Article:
|A frappe on the beach, in the shade, with a nice cool breeze. What crisis?|
The short answer is: as great for tourism as always.
In vacation areas, including every beach we went by, all the restaurants were open and doing good business.
|Rooftop restaurant with a view in Athens|
Athens seemed to have more closed shops than the last time I was there three years ago. And people were waiting in line outside of every ATM.
But the majority of businesses are open. Grocery stores are well-stocked. Bars and restaurants seem to be doing OK. I'm told locals are spending less when they go out, but they are still going out.
We stayed near Syntagma Square, the site of most protests, but unfortunately there was no protest while I was there.
|Just go. Take sunscreen, euros in cash and comfortable shirts|
I saw very few homeless people. I'm sure they're there but we stayed in a big tourist area and went to dinner in another, and there weren't any beggars, unlike San Francisco. In fact, perhaps because of the weak economy, there were a lot fewer Africans selling selfie sticks and fake Gucci bags then I've seen recently in Venice and Barcelona and probably ever other big EU tourist city.
A big question Americans always have about foreign countries is, "Is it safe?"
It's usually a silly question, as only 14 countries in the world have a higher rate of death by firearms then the U.S. I'm not a completely fearless traveler: No. 1 on that list is Honduras. I've been there, parts of the mainland were scary, I was afraid (great diving in Roatan, though). For that matter, I'm from Baltimore, and there are places in my hometown I'd be afraid to go.
|Fried smelt. Bet you can't eat just one|
Crime can happen anywhere, but it's probably more likely in your hometown than it is in Greece. I don't know exactly where this crime index site gets its stats, but it has Greece as about the equivalent of Canada. And nobody asks if you're worried about going to Canada (though if you can't keep your opinion of the Maple Leafs to yourself, maybe you should be.)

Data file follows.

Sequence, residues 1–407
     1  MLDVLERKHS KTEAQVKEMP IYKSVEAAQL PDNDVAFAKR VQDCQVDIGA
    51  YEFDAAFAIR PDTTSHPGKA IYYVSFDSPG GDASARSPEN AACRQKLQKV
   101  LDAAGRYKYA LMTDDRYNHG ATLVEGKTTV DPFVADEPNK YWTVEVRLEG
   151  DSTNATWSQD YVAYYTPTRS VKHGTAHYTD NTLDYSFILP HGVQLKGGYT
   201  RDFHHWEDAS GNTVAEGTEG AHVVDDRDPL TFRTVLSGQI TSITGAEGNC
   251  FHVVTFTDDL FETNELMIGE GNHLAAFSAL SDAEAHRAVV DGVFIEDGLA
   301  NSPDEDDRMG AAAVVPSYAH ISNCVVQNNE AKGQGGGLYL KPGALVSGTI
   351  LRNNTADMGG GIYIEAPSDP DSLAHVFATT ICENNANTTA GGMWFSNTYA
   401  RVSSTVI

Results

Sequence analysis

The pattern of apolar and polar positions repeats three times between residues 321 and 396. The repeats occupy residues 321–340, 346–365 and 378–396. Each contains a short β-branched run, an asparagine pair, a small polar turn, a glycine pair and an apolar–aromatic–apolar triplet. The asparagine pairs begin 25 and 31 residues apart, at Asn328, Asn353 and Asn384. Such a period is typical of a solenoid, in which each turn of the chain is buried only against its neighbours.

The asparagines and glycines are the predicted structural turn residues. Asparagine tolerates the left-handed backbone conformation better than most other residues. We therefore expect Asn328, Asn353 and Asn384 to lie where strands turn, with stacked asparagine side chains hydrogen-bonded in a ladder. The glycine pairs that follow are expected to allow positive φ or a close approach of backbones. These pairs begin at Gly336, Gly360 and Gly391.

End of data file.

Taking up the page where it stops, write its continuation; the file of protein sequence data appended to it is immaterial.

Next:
Regarding money, it is a very good idea to bring euros with you, as Greece's banking situation is still unsettled. I brought about 800 euros cash. I was relieved to see US-based credit cards are widely accepted. If you fly through a transfer city in the Eurozone like Paris or Frankfurt, you should be able to withdraw euros at that airport. However, there may be a daily limit, plus you never know if your plane will be late and you'll be sprinting to catch a connection, so I would advise you just to buy the Euros at home before leaving.
100-euro notes are big and colorful so I folded them so the wad would be less obvious sticking out of my wallet, but I carried them all in my wallet, no moneybelt. Don't get me wrong, I'm a believer in moneybelts in countries where they're warranted, but I don't think Greece is one.
|Who knows what lies in the road ahead for Greece, but the country will always be beautiful|
Tourism to Greece is down a bit because of worries about unrest and the economy. For travelers who do go there, this is a good thing: You should be able to get into the hotels and restaurants you want. The euro is weak right now, not just in Greece, so prices are significantly lower than two years ago. In sum, it's a great time to visit Greece.
Plus, as Greece is rife with small businesses, not chains -- part of the "inefficient" culture the Germans want to eradicate -- you'll find yourself putting your money into the hands of someone who really needs it. At a cafe, I bought a 5-euro jar of rose petal jam from the woman who made it. She smiled. Sometimes that's why we travel.
Read my short story about the potential impact of the crisis on Greek's wine industry at Le Pan.